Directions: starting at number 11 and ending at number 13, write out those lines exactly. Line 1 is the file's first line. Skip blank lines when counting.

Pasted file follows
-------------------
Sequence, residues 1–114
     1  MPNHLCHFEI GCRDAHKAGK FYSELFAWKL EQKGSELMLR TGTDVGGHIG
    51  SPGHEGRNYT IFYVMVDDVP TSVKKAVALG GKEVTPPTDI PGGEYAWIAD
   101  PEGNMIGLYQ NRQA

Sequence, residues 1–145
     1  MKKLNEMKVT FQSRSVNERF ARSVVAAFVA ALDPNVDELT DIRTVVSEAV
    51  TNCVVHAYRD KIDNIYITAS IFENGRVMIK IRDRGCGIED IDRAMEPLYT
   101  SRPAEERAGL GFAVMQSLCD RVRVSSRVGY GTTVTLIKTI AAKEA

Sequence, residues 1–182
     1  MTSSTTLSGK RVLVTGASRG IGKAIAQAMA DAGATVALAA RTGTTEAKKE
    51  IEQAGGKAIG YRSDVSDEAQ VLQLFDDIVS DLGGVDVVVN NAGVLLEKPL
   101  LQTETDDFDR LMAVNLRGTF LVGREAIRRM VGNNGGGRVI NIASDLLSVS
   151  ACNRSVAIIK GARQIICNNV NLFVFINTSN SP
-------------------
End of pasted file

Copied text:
    51  IEQAGGKAIG YRSDVSDEAQ VLQLFDDIVS DLGGVDVVVN NAGVLLEKPL
   101  LQTETDDFDR LMAVNLRGTF LVGREAIRRM VGNNGGGRVI NIASDLLSVS
   151  ACNRSVAIIK GARQIICNNV NLFVFINTSN SP